For instance, when the polling data show that children do not tend to add to people’s happiness (see repetitive farm-life ditties above), Brooks immediately reverts to a “higher definition of happiness,” one which involves “meaning.” By that definition, of course, children make us happy. He also notes that even if children don’t add to happiness, the other things associated with having children are likely to do so. “Ponder this,” he writes, “52 percent of married, religious conservative people with kids are very happy—versus only 14 percent of single, secular liberal people without kids. Kids are part of a happy lifestyle.”
His most widely publicized conclusion—that people with politically conservative views tend to be happier than those with liberal views—is striking, and, as he notes, flies in the face of conventional wisdom that conservatives are miserable, buttoned-up types who have no fun. He writes: “In 2004, people who said they were conservative or very conservative were nearly twice as likely to say they were happy as people who called themselves liberal or very liberal (44 percent versus 25 percent).” The political “happiness gap,” according to Brooks, has persisted for at least 35 years, and the party in power has had no measurable effect on it. Also, surprisingly, political extremists on both sides turn out to be rather upbeat folks. Brooks attributes this to their sense of surety about the world—but he also finds that they may bring unhappiness to people around them.
The religious happiness gap looks almost identical to the political one, with 43 percent of religious folks saying they were “very happy” versus only 23 percent of secularists. Brooks does note one interesting exception: “Worshippers who have an unhappy image of God” are more likely to be unhappy. Perhaps this says more about modern America’s sunny religious outlook than anything else. It’s hard to imagine Jonathan Edwards’ congregants telling pollsters they were a particularly cheerful lot.
For a book on happiness, Brooks engages in refreshingly little psychoanalysis. He does, reasonably enough, claim that people are generally happier when they feel they have control over their lives. He speculates that liberals, who believe it is the government’s job to fix problems, are therefore unhappier than conservatives, who believe they can change bad situations themselves.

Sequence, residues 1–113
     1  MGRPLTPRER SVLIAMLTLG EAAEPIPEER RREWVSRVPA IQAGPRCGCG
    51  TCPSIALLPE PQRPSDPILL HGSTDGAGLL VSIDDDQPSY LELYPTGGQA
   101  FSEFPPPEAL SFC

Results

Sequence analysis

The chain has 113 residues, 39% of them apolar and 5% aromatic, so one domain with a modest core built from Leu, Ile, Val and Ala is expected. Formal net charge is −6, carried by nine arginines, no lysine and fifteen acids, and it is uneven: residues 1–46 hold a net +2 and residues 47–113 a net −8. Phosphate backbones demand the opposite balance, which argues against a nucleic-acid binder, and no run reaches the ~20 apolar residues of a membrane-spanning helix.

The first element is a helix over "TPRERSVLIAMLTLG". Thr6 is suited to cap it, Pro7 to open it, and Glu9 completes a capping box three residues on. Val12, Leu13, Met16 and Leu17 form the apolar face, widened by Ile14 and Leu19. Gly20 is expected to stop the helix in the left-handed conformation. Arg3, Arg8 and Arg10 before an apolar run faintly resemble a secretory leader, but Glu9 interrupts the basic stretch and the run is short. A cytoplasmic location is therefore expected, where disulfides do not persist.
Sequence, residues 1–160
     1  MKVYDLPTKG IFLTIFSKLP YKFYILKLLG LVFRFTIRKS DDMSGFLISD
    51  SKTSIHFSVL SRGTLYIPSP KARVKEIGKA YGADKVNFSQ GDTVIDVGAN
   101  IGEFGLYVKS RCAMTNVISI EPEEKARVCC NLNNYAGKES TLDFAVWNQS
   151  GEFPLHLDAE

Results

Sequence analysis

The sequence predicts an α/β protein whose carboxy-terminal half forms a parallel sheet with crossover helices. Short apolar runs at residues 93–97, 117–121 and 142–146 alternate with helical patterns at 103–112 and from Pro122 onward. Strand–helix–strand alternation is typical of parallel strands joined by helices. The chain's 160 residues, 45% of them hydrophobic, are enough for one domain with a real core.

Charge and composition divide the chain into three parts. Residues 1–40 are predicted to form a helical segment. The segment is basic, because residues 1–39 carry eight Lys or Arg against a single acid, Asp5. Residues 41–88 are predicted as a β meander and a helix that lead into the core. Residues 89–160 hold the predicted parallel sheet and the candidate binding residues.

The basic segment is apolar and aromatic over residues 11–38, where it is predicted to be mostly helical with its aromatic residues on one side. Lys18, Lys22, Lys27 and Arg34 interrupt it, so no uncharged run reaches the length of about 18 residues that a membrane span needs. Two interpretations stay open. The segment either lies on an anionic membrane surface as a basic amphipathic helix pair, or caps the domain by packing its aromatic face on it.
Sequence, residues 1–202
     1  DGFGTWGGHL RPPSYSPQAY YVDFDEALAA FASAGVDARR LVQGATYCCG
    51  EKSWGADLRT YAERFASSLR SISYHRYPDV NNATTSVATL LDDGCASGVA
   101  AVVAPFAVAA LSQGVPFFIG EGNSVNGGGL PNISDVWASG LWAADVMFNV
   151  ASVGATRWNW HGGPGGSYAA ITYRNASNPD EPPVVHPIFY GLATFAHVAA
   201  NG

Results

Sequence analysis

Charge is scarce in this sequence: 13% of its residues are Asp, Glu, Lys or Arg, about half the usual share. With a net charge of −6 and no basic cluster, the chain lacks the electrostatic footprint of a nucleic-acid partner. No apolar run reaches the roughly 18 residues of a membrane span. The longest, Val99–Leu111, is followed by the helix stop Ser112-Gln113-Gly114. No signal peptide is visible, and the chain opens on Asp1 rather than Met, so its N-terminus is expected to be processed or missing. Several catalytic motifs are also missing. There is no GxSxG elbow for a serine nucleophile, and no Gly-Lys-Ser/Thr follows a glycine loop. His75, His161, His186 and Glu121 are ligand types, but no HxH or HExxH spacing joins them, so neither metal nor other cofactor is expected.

One method for changing things, of course, is philanthropy. Giving to others is apparently a very effective way of achieving that sense of self-determination and, ultimately, greater happiness.
While Brooks may not advise readers to rush out and get married or go to church or vote Republican to feel happier, he does suggest that they turn to philanthropy. “People who give money to charity are 43 percent more likely than nongivers to say they are very happy. Volunteers are 42 percent more likely to be happy than nonvolunteers.”
Brooks even briefly delves into a physiological explanation for this phenomenon. There is some evidence that volunteers get a “helper’s high” through the production of endorphins in their brain. And other experiments have shown that charity “lowers stress hormones that cause unhappiness.”
This finding turns out to be provable in the aggregate too. “The happiest communities in the United States,” according to Brooks, “tend to be those in which people give and volunteer the most. For instance, the citizens of Minneapolis-St. Paul, Minnesota, give and volunteer at exceptionally high rates (86 percent and 65 percent respectively) and an unusually high percentage (44 percent) say they are very happy.” Even the nongivers in the communities with a high percentage of givers tend to be happier than nongivers elsewhere.